About Wicker Park
Wicker Park is a Chicago neighborhood northwest of the Loop, near Bucktown. Charles and Joel Wicker purchased 80 acres of land along Milwaukee Avenue in 1870 and laid out a subdivision with a mix of lot sizes surrounding a four-acre park. The Great Chicago Fire of 1871 spurred the first wave of development, as homeless Chicagoans looked to build new houses. Wicker Park proved especially popular with German and Swedish merchants, who built large mansions along the neighborhood’s choicest streets–particularly on Hoyne and Pierce, just southwest of North & Damen (then Robey). At the end of the 19th century, the area was known as “the ethnic Gold Coast” and Hoyne was known as “Beer Baron Row,” as many of Chicago’s wealthiest brewers built mansions there. In the 1890s and 1900s, immigration from Poland and the completion of the Metropolitan West Side Elevated Lines greatly boosted the population density of West Town, especially in areas east of Wicker Park;the corner of Division,Milwaukee, and Ashland retains the moniker “Polish Triangle” to this day, and the exiled government of Poland met in Wicker Park during World War I.
After World War II, many Poles moved to newer, less crowded housing further northwest, and Wicker Park became more ethnically diverse with an influx of Puerto Rican immigrants. Some urban renewal projects were undertaken to combat “urban blight” in some parts of the neighborhood, but disinvestment continued at a rapid clip. Chicago and Wicker Park reached a nadir in the 1970s, a decade when the city overall lost 11% of its population; during the 1970s, hundreds of insurance arsons were reported in Wicker Park, and many small factories in the area (many in woodworking) closed or moved away. Efforts by community development groups to stabilize the community through new affordable-housing construction in the 1980s coincided with the arrival of artists attracted by the neighborhood’s easy access to the Loop, cheap loft space in the abandoned factories, and distinctly urban feel.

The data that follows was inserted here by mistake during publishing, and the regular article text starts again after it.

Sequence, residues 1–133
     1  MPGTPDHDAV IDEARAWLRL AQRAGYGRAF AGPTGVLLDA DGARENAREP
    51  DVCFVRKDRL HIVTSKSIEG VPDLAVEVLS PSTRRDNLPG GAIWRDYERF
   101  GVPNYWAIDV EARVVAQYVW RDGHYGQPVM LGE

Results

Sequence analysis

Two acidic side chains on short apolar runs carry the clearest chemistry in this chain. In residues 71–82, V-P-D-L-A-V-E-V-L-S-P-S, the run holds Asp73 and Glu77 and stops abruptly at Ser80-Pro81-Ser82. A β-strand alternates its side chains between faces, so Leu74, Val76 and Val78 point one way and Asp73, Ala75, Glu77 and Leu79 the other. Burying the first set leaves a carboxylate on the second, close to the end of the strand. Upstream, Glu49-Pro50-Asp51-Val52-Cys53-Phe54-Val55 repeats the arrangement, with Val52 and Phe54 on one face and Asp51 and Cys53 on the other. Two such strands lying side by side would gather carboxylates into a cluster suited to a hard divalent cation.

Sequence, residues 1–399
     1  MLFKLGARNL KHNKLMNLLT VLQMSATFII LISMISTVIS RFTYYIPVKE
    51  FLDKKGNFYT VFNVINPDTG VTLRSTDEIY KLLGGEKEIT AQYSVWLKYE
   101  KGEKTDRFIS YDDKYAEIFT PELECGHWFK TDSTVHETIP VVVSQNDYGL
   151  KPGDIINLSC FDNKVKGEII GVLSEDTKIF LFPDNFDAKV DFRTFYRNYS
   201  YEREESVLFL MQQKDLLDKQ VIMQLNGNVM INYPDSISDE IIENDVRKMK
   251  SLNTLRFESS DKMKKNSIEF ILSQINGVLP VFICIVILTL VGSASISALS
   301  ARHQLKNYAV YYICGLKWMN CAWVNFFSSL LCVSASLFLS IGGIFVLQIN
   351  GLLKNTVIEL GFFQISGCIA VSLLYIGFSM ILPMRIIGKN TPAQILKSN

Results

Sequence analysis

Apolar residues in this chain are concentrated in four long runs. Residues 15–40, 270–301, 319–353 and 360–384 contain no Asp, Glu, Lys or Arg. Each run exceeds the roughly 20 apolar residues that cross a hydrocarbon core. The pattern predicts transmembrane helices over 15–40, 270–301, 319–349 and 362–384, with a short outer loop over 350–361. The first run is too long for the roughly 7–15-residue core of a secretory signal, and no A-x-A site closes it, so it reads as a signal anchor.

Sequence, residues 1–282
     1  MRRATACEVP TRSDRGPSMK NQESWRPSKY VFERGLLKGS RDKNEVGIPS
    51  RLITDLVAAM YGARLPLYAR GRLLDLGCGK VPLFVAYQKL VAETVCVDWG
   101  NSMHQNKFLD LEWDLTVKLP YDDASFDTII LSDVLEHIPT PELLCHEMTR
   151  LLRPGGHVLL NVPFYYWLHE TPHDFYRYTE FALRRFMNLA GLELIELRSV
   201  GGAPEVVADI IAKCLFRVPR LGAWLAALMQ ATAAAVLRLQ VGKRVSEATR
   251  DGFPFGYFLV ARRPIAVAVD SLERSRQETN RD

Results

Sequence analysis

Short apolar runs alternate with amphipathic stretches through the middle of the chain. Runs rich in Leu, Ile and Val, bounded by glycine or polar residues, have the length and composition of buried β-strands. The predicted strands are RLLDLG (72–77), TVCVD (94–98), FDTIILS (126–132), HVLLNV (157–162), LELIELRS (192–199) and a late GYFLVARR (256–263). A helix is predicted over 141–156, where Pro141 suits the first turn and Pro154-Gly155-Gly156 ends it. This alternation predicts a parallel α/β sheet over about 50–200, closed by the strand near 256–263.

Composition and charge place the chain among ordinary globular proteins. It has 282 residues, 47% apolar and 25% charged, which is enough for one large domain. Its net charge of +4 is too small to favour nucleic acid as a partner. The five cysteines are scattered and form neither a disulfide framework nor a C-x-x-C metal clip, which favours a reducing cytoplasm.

Today, the neighborhood is best known for a lively hipster community of artists and musicians; however, gentrification has recently brought some of the yuppie population into the area.
The borders of the neighborhood are generally accepted to be Ashland to the east (at 1600 W), the above-grade Bloomingdale Line to the north (at 1800 N), Division to the south (at 1200 N), and California to the west (at 2800 W). These boundaries are not hard and fast, and may change slightly over time. Both the East Village and Ukrainian Village are to the south, Humboldt Park is to the west, and Bucktown is to the north.
Notable residents include Nelson Algren, who lived on the third floor at 1958 W. Evergreen Ave between 1959-1975. Much of Wicker Park was designated as a Chicago Landmark District in 1991.